WASHINGTON, DC—Representative Eliot L. Engel, the leading Democrat on the House Committee on Foreign Affairs, today introduced legislation to expand American diplomatic efforts across the Caribbean. The United States–Caribbean Partnership Act of 2014 would establish new American embassies in five countries—Antigua and Barbuda, Dominica, St. Kitts and Nevis, St. Lucia, and St. Vincent and the Grenadines—with which the United States shares diplomatic relations but has no permanent diplomatic presence. In 2011, an amendment authored by Rep. Engel to establish these embassies was unanimously approved by the House Committee on Foreign Affairs.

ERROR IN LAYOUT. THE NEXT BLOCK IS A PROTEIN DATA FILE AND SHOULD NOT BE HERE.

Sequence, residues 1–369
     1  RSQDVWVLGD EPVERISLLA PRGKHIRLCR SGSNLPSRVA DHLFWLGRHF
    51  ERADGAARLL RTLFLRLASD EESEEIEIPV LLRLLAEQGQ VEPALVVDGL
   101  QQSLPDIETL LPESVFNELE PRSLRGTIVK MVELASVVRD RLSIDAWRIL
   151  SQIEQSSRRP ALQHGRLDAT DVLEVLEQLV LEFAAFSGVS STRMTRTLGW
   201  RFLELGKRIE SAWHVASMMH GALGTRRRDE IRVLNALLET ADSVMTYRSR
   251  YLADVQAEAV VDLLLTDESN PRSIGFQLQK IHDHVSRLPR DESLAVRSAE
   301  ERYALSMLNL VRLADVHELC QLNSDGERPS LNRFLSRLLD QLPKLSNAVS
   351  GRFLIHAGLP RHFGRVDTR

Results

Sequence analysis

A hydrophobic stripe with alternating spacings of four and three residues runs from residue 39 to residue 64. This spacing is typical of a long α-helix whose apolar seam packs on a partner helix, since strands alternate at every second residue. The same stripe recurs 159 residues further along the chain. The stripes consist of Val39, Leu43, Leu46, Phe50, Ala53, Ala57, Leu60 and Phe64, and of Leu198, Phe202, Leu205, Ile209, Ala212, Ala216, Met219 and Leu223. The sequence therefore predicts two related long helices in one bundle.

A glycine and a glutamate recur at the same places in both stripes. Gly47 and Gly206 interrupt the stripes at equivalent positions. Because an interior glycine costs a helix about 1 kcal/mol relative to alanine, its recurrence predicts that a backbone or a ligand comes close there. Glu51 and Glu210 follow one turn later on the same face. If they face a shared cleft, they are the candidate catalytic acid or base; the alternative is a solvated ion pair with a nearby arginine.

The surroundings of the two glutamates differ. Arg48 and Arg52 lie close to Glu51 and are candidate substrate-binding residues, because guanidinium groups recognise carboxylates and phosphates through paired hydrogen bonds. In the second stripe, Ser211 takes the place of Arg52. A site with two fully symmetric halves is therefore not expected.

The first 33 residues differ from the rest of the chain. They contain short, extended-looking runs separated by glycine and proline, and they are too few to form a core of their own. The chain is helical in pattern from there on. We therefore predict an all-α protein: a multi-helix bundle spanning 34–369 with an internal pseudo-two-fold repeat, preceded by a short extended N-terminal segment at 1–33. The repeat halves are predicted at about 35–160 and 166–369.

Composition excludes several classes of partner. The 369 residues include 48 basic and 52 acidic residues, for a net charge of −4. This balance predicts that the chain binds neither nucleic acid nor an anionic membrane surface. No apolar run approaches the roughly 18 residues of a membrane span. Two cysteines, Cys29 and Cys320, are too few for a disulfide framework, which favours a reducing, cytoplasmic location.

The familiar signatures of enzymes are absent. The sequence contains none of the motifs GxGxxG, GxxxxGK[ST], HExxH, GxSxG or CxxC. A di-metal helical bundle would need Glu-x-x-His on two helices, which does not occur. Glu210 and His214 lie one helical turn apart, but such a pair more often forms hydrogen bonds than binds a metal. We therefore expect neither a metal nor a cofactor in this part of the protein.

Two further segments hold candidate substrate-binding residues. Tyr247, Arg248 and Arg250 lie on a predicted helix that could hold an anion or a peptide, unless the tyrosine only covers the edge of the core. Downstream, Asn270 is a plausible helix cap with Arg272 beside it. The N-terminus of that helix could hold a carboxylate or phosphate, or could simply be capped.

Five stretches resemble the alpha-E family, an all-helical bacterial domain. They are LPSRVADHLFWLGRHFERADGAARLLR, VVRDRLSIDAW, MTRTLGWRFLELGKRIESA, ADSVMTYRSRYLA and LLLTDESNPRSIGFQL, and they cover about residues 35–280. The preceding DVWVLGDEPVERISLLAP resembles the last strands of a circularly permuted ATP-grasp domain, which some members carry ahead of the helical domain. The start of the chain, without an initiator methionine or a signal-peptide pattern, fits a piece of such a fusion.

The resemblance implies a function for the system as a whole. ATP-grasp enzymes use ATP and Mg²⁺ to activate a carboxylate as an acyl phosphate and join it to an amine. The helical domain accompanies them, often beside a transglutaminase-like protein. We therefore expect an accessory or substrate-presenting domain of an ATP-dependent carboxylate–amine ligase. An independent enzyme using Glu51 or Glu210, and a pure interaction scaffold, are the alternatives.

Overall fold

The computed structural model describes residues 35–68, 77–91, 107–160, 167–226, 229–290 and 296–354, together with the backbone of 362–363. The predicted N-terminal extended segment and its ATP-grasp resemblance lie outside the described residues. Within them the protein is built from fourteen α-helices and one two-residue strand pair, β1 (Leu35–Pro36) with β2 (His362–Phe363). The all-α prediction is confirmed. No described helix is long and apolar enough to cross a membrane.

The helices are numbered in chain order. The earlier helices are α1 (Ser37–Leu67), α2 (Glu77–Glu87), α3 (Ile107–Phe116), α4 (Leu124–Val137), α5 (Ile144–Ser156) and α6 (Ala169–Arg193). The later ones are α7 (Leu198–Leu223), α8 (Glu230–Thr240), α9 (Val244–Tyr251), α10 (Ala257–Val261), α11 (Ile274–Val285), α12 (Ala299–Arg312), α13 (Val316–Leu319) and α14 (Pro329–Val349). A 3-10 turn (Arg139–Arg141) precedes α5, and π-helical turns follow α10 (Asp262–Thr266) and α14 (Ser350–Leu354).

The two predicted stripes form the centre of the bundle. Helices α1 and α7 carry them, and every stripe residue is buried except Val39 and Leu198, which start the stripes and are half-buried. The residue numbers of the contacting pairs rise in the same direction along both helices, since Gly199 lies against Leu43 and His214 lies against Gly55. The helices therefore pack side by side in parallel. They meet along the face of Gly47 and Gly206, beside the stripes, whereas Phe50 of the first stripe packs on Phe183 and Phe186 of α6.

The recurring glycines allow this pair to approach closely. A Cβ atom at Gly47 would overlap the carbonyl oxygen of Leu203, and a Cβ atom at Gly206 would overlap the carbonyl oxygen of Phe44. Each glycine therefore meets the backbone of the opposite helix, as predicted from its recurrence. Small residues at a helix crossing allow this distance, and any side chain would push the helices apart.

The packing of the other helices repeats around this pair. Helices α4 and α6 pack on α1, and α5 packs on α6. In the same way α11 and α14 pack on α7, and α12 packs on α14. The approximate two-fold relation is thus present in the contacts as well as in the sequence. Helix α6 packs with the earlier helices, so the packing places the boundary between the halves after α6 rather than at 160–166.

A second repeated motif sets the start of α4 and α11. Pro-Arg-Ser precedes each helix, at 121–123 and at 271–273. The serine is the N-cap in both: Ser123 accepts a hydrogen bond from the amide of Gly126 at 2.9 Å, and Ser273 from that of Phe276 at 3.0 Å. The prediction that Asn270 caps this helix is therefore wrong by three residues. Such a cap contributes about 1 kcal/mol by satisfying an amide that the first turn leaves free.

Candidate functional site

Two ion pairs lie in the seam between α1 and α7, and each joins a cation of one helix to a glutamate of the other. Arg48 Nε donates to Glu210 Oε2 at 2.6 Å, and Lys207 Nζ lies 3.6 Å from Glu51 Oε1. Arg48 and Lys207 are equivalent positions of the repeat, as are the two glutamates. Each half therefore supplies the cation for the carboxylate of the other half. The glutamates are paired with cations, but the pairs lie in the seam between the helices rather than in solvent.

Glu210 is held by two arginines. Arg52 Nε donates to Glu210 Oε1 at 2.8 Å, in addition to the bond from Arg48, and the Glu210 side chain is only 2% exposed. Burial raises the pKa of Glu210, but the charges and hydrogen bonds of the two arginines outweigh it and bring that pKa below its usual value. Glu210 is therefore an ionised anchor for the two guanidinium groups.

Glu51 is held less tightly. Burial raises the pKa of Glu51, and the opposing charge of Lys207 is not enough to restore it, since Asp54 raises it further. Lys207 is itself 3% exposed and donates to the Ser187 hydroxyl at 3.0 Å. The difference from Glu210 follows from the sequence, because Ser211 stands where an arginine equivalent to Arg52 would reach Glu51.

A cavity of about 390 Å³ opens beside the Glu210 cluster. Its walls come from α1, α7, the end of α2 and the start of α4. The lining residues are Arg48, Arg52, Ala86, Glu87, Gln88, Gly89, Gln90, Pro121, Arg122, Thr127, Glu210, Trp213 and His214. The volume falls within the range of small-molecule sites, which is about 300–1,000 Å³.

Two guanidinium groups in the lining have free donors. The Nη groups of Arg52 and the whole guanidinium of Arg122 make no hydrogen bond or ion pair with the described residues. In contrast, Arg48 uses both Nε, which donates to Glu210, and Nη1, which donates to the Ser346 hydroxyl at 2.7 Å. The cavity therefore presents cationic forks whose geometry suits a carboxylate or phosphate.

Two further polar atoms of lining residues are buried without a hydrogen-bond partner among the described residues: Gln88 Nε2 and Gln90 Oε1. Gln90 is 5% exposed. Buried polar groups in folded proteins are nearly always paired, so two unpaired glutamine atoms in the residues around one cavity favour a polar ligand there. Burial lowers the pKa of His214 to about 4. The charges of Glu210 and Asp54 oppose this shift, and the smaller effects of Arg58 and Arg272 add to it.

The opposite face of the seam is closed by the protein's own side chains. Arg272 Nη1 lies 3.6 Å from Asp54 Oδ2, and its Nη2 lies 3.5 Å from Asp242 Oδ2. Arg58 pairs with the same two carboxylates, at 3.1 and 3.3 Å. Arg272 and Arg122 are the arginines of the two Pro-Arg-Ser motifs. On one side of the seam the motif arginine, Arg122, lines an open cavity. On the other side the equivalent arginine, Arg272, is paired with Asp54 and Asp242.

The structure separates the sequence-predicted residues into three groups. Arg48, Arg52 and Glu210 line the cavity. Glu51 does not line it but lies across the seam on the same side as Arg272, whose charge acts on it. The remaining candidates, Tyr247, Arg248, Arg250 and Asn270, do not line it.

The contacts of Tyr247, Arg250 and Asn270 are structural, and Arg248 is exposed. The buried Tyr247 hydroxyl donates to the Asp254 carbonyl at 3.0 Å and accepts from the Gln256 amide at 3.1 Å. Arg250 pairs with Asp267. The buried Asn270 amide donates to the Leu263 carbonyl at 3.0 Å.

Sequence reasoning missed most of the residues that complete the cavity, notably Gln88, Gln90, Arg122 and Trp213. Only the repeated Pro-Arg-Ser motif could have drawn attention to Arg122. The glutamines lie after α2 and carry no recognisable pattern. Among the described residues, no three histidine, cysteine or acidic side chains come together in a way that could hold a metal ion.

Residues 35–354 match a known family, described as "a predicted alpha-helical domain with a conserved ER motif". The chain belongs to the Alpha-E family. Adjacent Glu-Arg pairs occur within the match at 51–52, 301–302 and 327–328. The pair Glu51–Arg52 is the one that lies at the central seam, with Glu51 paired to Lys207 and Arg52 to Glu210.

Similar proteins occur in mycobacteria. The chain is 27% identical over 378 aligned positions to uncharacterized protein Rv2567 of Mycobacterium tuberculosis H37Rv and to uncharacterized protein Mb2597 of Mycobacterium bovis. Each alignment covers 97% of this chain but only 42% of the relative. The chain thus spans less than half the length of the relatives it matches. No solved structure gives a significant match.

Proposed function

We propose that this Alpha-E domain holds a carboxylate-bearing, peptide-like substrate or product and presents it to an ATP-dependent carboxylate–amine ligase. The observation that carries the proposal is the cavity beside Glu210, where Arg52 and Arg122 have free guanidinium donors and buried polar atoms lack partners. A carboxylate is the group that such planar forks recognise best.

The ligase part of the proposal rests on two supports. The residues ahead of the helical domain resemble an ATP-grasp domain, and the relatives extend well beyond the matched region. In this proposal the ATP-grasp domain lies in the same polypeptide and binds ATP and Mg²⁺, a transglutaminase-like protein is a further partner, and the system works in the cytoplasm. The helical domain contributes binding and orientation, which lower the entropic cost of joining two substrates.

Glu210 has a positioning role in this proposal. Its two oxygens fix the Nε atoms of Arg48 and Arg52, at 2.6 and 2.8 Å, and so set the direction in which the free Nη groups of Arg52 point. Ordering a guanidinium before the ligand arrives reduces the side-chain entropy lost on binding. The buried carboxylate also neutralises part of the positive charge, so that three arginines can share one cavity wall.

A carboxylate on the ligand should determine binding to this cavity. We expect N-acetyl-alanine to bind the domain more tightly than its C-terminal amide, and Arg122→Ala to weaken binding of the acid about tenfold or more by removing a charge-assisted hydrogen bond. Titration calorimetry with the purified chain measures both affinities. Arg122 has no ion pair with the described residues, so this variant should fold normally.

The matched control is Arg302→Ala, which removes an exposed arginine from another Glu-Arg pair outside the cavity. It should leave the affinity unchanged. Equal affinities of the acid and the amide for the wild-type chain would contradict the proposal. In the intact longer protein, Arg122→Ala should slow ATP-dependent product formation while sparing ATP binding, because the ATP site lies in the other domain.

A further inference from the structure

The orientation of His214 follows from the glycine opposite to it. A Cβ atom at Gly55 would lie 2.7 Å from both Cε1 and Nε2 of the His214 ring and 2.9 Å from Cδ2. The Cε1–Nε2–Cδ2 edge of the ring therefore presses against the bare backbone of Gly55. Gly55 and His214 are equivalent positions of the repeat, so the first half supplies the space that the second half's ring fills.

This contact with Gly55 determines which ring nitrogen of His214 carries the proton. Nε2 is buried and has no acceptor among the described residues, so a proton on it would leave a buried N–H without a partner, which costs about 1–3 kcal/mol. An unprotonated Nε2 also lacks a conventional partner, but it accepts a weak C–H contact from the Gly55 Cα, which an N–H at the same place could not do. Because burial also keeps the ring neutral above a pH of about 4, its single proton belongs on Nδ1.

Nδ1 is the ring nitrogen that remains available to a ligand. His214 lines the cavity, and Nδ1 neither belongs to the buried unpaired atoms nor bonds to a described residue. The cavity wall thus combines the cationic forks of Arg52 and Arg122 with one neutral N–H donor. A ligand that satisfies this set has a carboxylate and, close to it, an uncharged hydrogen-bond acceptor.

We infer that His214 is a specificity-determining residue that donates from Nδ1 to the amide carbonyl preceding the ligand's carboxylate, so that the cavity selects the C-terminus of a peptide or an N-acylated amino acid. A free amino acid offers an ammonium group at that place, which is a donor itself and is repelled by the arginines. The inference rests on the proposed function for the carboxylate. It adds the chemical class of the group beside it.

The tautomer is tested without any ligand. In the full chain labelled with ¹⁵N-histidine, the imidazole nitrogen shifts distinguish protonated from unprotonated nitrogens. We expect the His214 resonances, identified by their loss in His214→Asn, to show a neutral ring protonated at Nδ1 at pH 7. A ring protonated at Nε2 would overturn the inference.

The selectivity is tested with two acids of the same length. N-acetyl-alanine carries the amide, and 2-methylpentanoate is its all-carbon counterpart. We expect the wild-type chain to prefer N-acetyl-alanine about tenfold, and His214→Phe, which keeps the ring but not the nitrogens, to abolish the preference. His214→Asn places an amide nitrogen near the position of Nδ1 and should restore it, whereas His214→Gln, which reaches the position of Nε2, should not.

“They say you can’t conduct diplomacy from a bunker; it’s also true that you can’t conduct diplomacy from hundreds of miles away. The United States shares close ties with so many of our Caribbean neighbors, whether through our governments’ efforts to curb drug trafficking, our shared work through the OAS, or the constant exchange of citizens among our countries. My bill would ramp up our diplomatic efforts across the region and improve services for American citizens living in these five countries,” said Rep. Engel.
At present, all diplomatic relations with Antigua and Barbuda, Dominica, St. Kitts and Nevis, St. Lucia, and St. Vincent and the Grenadines are run out of the American Embassy in Barbados. This situation presents challenges for conducting in-person diplomacy and providing full consular services for American citizens living in these countries.